Altered triglyceride and phospholipid metabolism predates the diagnosis of gestational diabetes in obese pregnancy†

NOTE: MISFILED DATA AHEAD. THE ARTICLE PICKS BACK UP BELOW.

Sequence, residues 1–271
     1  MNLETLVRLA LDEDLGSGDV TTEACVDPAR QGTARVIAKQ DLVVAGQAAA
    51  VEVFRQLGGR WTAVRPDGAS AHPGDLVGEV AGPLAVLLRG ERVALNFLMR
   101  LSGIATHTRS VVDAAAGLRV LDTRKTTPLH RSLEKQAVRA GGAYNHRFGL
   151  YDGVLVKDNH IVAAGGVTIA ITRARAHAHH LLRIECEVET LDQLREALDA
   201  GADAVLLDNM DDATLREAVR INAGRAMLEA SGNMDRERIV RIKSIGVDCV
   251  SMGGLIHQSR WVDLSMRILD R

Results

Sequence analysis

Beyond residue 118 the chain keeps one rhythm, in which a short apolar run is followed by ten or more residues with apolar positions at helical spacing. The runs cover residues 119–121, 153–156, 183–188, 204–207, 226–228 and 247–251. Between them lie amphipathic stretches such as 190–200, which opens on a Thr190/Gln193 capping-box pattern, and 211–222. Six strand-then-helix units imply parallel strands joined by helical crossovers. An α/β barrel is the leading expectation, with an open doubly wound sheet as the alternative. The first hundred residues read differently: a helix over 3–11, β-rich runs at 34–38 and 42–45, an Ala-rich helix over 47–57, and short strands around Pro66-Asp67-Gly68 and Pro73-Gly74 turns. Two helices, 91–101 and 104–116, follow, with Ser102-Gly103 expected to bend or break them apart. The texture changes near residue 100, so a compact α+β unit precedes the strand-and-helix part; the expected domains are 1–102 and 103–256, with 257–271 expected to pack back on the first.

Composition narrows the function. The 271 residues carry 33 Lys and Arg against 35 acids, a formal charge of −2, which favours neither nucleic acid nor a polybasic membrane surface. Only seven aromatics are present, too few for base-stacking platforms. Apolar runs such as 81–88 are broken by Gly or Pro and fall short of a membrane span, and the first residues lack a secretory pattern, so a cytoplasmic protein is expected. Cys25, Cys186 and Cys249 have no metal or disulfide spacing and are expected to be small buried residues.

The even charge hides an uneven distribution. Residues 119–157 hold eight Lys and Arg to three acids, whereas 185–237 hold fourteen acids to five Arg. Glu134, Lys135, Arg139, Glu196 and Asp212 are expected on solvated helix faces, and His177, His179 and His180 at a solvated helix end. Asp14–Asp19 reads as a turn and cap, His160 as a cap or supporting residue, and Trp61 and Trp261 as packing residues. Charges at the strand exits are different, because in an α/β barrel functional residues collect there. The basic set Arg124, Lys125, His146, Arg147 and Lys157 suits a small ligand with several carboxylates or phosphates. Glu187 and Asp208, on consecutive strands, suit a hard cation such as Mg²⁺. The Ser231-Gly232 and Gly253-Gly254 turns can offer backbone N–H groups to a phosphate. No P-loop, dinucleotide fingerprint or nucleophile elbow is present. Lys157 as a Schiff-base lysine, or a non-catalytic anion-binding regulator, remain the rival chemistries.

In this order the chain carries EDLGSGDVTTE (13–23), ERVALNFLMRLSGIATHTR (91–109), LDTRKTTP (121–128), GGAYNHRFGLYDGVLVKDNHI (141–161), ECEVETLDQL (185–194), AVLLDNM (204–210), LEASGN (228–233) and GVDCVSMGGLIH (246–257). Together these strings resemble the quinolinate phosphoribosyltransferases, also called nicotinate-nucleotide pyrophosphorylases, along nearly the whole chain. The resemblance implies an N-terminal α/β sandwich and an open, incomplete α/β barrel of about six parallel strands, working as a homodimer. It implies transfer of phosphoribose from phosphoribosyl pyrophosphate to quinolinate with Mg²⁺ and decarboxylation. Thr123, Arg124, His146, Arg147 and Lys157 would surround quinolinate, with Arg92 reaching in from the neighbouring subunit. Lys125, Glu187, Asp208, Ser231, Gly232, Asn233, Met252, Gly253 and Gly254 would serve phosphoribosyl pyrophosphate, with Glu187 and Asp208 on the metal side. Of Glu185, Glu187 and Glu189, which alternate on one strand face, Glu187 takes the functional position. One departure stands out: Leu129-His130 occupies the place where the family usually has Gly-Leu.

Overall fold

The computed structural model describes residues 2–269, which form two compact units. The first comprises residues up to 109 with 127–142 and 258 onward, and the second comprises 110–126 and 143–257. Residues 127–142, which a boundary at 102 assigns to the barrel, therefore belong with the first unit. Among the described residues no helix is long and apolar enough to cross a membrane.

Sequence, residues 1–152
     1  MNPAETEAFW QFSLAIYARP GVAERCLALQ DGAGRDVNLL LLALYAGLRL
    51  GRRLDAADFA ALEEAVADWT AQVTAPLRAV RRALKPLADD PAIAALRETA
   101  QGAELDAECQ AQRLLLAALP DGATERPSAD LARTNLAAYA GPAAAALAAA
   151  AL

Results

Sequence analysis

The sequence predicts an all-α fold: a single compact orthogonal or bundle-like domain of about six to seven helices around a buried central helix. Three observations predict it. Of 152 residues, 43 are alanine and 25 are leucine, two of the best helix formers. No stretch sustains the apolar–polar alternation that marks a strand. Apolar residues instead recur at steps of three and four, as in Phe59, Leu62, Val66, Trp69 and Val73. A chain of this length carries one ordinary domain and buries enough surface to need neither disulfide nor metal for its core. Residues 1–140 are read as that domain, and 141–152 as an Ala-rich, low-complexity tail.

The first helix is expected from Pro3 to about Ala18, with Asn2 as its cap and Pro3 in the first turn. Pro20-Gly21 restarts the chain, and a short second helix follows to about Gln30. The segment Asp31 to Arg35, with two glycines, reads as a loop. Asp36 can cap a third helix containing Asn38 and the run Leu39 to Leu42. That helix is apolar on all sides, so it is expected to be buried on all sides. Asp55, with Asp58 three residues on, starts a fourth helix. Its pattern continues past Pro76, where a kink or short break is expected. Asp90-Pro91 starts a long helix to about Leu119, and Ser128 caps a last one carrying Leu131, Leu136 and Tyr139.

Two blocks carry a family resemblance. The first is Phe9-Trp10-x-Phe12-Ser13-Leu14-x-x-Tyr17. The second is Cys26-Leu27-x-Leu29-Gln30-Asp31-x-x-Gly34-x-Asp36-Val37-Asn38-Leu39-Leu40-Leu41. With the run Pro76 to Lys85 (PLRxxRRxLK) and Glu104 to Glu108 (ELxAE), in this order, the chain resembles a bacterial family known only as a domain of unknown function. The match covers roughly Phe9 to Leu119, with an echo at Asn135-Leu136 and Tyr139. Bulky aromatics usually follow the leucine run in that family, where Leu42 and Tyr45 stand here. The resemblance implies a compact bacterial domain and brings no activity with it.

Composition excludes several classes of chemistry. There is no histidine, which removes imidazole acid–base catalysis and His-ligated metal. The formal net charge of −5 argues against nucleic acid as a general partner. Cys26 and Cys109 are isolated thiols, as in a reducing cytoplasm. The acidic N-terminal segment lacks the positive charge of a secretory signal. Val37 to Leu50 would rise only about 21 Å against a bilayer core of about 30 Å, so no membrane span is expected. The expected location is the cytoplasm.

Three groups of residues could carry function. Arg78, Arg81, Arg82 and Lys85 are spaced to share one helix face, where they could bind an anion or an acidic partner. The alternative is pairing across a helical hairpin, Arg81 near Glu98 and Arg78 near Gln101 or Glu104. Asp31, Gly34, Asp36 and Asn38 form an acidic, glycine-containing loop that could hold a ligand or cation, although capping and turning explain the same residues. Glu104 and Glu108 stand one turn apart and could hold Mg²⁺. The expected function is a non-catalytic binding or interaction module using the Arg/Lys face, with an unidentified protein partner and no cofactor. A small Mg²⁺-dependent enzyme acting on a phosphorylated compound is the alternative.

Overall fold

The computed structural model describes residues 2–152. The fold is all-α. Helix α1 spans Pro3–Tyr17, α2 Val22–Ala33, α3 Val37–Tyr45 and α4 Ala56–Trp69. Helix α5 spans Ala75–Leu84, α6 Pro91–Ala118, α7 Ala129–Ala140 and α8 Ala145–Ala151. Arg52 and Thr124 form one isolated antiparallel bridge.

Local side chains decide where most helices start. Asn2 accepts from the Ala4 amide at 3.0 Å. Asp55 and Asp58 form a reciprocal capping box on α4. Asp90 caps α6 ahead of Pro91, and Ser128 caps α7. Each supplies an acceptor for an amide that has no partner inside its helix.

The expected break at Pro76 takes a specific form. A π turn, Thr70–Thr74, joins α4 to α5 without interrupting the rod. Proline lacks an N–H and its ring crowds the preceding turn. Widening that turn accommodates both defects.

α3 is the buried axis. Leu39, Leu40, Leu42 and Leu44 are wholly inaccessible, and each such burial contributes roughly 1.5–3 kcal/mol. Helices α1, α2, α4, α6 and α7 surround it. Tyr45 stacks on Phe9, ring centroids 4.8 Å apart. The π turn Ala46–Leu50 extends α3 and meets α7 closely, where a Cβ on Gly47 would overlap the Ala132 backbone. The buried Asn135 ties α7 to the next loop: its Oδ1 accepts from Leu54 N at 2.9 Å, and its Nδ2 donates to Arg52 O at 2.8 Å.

Gestational diabetes (GDM), a common pregnancy complication associated with obesity and long-term health risks, is usually diagnosed at approximately 28 weeks of gestation. An understanding of lipid metabolism in women at risk of GDM could contribute to earlier diagnosis and treatment. We tested the hypothesis that altered lipid metabolism at the beginning of the second trimester in obese pregnant women is associated with a diagnosis of GDM. Plasma samples from 831 participants (16–45 years, 15–18 weeks gestation, BMI ≥ 30) from the UPBEAT study of obese pregnant women were used. The lipid, sterol and glyceride fraction was isolated and analysed in a semi-quantitative fashion using direct infusion mass spectrometry. A combination of uni-, multi-variate and multi-variable statistical analyses was used to identify candidate biomarkers in plasma associated with a diagnosis of GDM (early third trimester; IADPSG criteria). Multivariable adjusted analyses showed that participants who later developed GDM had a greater abundance of several triglycerides (48:0, 50:1, 50:2, 51:5, 53:4) and phosphatidylcholine (38:5). In contrast sphingomyelins (32:1, 41:2, 42:3), lyso-phosphatidylcholine (16:0, 18:1), phosphatidylcholines (35:2, 40:7, 40:10), two polyunsaturated triglycerides (46:5, 48:6) and several oxidised triglycerides (48:6, 54:4, 56:4, 58:6) were less abundant. We concluded that both lipid and triglyceride metabolism were altered at least 10 weeks before diagnosis of GDM. Further investigation is required to determine the functional consequences of these differences and the mechanisms by which they arise.